Fun Again

Fatherhood helps Maxwell tone down the pressure




Used to be, Justin Maxwell lost a lot of sleep at night as he worried about this and that, the replay of that evening's game running through his mind over and over again.

Now the Nationals prospect patrols the outfields of the Puerto Rican League, where he tries to make up for lost time after yet another season marred by injuries. His 2008 campaign was abbreviated to just 43 games.

Are the Nationals' personnel pleased with his handling of two-strike situations, as they emphasized before he left for the Caribbean? And will the time spent playing the outfield corners create the necessary impression ahead of spring training?

Those questions and many more might have consumed Maxwell in other years. This offseason, however, the former Maryland standout has other things on his mind.

Good things, that is, such as his wife Loren and their newborn son, Jaiden Lenox, who made his debut Oct. 21, just a week before Maxwell had to catch a flight to Puerto Rico to join the Caguas Creoles.

"It keeps the game in perspective," Maxwell said of fatherhood. "It makes it a little easier when I go home at night. (The game) isn't my focus all the time off the field like it used to be. In that regard, it's helped out."

In other words, Maxwell has rediscovered the fun in the game again, and it couldn't come at a more important time in his young career.

Enjoying Island Life

With spring training right around the corner, a new season awaits for the 25-year-old Maxwell, Washington's fourth-round pick in 2005, to prove that he is no longer a health risk and that he remains an oozing-of-tools talent. Who can forget his 2007 season, when he batted .281/.363/.533 with 27 homers, 25 doubles and 35 steals, plus cracked a grand slam in his third big league at-bat?

And now in Puerto Rico, it had been so far, so good.

While the batting average is nothing fabulous, Maxwell has shown power and patience. Through 132 at-bats, he was hitting .220/.400/.455. The stats line included seven home runs (third best in the league), eight doubles and 24 RBIs.

But this is what jumps out: 37 walks against 38 strikeouts. Yes, his timing is back and his wrist is not an issue, a refreshing sight considering his season was cut short on May 19 when Maxwell attempted a spectacular diving catch and suffered a broken right wrist.

"Nothing can substitute live pitching," Maxwell said. "I feel pretty good. The big thing has been my approach at the plate. I did have good plate discipline early on."

He went on, emphasizing that the league affords the chance to face a number of pitchers with different arm actions.

"I'm just glad they brought the league back this year," Maxwell said. "They originally wanted me to go to the Dominican, but they didn't feel like I was ready enough. So I was just fortunate they brought this league back."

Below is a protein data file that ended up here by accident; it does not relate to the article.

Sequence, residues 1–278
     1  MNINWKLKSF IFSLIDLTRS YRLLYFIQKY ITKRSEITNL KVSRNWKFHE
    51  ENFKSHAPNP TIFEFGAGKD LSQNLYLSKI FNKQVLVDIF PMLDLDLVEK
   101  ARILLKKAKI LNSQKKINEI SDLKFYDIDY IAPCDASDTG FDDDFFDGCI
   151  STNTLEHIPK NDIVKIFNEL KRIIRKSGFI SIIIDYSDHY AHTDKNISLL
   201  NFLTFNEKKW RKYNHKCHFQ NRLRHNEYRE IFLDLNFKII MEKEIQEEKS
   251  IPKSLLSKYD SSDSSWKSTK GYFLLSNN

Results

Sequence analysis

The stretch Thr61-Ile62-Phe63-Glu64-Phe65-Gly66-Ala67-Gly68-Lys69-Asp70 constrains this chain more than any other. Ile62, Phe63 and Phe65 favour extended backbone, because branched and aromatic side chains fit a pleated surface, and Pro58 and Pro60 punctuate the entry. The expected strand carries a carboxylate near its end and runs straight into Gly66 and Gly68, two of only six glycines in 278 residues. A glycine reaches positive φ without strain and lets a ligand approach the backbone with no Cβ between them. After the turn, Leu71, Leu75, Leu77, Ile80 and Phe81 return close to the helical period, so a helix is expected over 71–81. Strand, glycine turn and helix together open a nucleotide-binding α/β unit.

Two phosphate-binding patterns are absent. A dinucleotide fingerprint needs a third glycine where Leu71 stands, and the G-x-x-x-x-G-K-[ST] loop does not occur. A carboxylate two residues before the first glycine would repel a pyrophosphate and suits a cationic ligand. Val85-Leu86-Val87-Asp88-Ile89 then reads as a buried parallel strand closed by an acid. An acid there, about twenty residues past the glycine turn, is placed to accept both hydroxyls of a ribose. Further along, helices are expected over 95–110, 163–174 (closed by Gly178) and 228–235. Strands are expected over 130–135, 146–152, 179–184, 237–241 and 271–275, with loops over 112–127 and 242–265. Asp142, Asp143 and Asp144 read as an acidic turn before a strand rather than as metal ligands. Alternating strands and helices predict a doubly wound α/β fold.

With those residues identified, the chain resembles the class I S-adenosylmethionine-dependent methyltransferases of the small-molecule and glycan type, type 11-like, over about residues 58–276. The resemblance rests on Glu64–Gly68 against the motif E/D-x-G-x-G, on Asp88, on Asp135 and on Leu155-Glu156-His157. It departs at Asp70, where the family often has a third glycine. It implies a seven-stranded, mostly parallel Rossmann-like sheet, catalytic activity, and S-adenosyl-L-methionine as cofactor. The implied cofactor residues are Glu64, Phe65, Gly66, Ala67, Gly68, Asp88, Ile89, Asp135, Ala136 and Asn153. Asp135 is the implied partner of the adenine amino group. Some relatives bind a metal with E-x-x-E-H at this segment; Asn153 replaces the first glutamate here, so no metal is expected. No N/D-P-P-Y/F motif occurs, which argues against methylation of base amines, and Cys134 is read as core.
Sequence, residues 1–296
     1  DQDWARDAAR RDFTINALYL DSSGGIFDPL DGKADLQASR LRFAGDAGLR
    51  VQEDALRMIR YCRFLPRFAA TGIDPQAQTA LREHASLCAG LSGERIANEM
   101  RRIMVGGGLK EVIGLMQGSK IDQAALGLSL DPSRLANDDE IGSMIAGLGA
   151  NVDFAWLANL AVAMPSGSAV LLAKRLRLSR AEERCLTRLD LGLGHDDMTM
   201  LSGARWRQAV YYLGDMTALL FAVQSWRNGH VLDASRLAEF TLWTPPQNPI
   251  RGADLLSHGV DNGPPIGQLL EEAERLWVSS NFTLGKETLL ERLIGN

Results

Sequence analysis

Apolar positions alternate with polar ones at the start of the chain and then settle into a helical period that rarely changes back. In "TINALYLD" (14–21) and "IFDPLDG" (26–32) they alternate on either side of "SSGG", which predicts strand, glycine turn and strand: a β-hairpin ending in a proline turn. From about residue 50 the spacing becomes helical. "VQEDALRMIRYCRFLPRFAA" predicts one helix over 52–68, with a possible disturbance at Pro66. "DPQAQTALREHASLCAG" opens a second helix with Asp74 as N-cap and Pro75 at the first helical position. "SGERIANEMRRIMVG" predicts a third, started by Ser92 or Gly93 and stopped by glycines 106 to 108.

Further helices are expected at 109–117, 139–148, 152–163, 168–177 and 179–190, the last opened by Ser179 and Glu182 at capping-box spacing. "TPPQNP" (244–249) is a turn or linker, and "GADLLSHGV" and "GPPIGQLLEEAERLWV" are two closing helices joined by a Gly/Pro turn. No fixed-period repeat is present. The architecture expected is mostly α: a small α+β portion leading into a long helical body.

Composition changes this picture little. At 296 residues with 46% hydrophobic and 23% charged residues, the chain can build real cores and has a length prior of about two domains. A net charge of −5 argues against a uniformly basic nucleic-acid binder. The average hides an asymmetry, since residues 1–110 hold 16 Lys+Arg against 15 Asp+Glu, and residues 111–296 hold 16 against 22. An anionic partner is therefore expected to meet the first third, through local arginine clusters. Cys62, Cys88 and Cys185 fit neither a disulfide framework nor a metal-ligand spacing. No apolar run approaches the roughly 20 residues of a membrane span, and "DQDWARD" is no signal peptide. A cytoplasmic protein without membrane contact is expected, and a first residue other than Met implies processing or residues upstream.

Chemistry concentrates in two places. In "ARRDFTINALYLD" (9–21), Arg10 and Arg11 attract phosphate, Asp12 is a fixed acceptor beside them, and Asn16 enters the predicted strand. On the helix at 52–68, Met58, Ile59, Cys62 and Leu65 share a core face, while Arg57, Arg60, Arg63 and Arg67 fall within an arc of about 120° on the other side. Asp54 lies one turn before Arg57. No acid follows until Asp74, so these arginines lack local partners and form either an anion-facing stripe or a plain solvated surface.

Big Fan Of Technology

It's been a long haul for Maxwell, whose college career at Maryland was marred by injuries and whose wrist injury prevented him from successfully piggybacking his 2007 season.

Fortunately, life as a family man created a calming effect. Before and after games, Maxwell hops on a laptop and communicates with his wife and son though an online video conference, and receives up-to-the-minute text messages on Jaiden's status.

"Thank God for the internet and cell phones. I don't now how families did it back in the old days," Maxwell said. "And I know I'm not just playing for myself."

Inadvertently, his time being a dad has helped lessen the frustration of 2008.

At the time of the injury, Maxwell was hitting .233/.367/.459 with seven home runs and 28 RBIs in 146 at-bats at Double-A Harrisburg and would have ranked among the Eastern League's top prospects, something all but echoed by Harrisburg manager John Stearns.

"I thought he was the best power-speed guy in the league," Stearns said. "He's not just fast; he's a smart baserunner as well—a big guy that can run."

By playing in Puerto Rico, Maxwell hopes to demonstrate he can be versatile. At the plate, his two-strike approach has improved, as the righthanded hitter shortened his swing and choked up on the handle.

In turn, he hasn't been afraid to poke pitches on the outer half into right field, rather than watching a called third strike.

Playing the corners has not been a problem at all, as Maxwell, a natural center fielder, uses his athleticism to hunt down flyballs.

But now comes the hard part. He must translate his tools to a full healthy season and, hopefully for Maxwell, a Maryland native, he'll get to play not far from family and friends at Nationals Park.

It's been a year since he took batting practice at the facility in December 2007, when there were still dirt mounds everywhere.

"It definitely would be a dream come true," Maxwell said. "If everything goes well, I'll have fun playing and hopefully I get another shot to see what I can do."

He'd certainly sleep well then.